I know I share some of the blame for not having delivered the message in a convincing manner. I'm probably at fault with some because I am a Republican. Others are probably upset the Clinton administration supported my efforts. I'm just mad because they got away with it.

[Editor's Note by Pat: Former Congressman Baker originally left his comment on Rafique's thread about Sen. Obama's hawkish foreign policy; I've moved it to this thread.]

Thanks for your work, sir

Thank you very much for stopping by. You were my own Congressman for many years, and you are deeply missed.

Kind of tough, fighting leaders in 2 parties at once, I bet. Can't imagine what you must be feeling, watching your worst predictions come true, despite your best efforts to prevent them.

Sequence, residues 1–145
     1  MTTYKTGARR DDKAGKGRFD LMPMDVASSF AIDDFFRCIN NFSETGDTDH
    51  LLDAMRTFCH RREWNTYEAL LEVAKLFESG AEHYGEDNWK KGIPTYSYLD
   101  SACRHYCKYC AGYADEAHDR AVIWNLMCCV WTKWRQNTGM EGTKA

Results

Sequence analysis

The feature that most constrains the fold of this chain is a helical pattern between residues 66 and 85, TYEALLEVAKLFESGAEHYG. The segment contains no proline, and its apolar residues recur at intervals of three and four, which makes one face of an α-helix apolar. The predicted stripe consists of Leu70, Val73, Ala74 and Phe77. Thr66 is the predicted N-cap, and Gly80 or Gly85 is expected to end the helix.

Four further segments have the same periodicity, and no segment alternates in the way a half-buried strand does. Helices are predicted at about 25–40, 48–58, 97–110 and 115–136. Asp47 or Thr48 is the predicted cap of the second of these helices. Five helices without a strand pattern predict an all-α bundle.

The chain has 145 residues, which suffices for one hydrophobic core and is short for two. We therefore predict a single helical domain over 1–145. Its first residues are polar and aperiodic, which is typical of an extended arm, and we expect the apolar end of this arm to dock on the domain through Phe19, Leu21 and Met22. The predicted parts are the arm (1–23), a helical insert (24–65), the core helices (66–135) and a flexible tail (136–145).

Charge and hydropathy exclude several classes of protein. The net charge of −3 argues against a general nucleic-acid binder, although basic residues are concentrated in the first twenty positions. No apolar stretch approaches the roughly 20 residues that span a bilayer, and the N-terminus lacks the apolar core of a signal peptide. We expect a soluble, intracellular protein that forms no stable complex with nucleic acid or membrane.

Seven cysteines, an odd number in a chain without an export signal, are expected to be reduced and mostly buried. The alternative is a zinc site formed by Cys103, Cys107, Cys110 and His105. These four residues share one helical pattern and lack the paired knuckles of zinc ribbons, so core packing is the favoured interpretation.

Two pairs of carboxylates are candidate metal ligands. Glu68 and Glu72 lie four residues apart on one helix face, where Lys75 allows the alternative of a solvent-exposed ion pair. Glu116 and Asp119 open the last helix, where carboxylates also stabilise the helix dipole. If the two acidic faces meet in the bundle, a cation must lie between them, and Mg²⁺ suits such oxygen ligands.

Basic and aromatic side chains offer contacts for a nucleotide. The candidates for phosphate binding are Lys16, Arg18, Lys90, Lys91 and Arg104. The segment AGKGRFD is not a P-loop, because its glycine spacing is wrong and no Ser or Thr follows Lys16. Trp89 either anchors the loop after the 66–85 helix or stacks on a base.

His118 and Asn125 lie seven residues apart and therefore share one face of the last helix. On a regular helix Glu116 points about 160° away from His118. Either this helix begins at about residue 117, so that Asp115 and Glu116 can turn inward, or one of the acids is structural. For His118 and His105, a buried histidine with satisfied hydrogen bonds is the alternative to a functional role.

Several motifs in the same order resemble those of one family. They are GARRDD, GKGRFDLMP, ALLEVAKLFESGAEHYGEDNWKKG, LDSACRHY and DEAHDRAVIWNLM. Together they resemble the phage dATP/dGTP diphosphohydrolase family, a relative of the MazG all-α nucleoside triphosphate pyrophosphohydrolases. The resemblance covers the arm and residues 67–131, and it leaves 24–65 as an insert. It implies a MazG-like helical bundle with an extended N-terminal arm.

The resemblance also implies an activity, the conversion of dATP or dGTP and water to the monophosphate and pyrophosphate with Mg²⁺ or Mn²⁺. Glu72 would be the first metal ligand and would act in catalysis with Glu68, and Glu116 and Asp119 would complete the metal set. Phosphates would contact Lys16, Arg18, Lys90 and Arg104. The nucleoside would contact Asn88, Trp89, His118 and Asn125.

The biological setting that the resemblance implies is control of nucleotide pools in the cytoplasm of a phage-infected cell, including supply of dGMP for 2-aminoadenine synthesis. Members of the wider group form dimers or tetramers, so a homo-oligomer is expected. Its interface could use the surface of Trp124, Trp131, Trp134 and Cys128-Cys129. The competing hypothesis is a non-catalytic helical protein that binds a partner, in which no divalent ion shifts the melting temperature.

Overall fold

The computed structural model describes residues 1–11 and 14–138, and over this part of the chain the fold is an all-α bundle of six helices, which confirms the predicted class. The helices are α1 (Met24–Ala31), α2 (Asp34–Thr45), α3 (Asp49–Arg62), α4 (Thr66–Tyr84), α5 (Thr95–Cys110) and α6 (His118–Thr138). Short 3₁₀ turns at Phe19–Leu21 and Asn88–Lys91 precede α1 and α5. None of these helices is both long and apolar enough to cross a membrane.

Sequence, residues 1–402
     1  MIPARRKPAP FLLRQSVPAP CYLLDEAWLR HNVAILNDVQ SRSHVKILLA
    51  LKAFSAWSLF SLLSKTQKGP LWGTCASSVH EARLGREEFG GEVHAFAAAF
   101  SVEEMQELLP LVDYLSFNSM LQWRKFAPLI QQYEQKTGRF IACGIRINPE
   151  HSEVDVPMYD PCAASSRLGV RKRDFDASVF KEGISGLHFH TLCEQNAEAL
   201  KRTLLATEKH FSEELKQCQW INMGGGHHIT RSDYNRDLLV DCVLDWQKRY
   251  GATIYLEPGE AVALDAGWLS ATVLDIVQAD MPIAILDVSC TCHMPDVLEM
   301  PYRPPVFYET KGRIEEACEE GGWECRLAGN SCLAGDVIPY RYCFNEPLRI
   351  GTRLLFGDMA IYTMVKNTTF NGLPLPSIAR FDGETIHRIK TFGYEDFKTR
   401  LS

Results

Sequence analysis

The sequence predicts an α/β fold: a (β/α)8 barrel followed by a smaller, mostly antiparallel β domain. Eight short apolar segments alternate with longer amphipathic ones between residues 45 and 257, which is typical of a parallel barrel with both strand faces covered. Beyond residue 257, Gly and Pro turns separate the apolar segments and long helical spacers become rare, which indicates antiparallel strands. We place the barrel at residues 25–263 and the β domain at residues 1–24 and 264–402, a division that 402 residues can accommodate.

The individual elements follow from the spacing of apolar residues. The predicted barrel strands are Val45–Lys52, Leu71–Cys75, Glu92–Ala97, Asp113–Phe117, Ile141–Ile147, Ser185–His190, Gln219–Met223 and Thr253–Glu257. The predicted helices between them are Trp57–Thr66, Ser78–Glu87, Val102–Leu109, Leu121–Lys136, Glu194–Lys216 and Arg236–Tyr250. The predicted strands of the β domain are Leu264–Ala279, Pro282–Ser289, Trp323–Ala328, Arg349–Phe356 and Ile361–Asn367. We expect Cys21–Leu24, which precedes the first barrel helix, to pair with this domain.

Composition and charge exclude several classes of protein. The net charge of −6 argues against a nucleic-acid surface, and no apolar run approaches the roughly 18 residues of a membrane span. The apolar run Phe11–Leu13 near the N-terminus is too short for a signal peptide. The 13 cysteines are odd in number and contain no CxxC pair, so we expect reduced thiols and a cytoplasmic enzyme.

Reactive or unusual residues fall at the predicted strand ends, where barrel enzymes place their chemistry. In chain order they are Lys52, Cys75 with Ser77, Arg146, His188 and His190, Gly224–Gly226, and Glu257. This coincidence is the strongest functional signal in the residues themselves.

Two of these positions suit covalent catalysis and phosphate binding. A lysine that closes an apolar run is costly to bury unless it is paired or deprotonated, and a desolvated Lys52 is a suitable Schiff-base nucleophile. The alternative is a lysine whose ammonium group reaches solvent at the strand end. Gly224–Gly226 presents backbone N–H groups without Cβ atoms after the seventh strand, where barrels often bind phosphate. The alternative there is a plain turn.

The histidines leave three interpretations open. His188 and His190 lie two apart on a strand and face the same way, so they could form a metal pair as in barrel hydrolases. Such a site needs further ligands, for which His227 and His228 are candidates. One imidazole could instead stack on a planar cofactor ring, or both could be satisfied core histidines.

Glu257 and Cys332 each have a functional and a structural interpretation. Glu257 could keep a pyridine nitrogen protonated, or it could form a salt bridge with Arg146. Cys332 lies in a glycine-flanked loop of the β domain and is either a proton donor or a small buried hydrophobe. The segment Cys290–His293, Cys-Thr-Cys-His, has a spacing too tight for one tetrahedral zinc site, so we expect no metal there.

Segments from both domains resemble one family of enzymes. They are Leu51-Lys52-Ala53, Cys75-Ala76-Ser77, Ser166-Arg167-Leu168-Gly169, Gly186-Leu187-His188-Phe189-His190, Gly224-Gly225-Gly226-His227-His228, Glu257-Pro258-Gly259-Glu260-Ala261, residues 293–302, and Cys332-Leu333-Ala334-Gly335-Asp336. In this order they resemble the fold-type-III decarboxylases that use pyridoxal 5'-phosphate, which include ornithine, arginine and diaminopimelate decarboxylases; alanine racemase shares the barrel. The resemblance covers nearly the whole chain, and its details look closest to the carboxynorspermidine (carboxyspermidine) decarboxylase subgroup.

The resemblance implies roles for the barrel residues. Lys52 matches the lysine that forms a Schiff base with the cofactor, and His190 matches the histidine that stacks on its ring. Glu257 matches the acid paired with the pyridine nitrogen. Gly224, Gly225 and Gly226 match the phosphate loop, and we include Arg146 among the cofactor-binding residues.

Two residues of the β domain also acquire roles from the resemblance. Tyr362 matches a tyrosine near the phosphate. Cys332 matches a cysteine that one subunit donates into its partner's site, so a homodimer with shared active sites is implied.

As I said in one of my posts, if our political leaders actually had any sense, they'd be hounding you on the phone, asking you to return to public service. As the one with the clearest and earliest understanding of the problems, it would seem obvious that the country should be seeking your advice on what to do to get us out of this mess without creating more problems than we solve.

This is a huge story that is

This is a huge story that is flying under the radar screen. Many thanks to Pat for bringing it to our attention, and to Mr. Baker for stopping by here to give more details.

But this is so important that it needs to be heard by every voter in America. How do we get this out to a wider audience?

Bail out

I'm a broker and knew all about Fannie Mae for at least eight years because a ton of people (mostly those awful Republicans) had laid it out there in Congressional hearings. But I was astounded when listening to O'Reilly on FOX the other night when he started yelling at some helpless guest, "I didn't know. I didn't know," in effect blaming the administration for the Fannie May blow up and "cover up." The press blacked everything out to the best of their ability but there was some. I think that our corrupt media bears at least a large part of the accountability.

I heard that segment on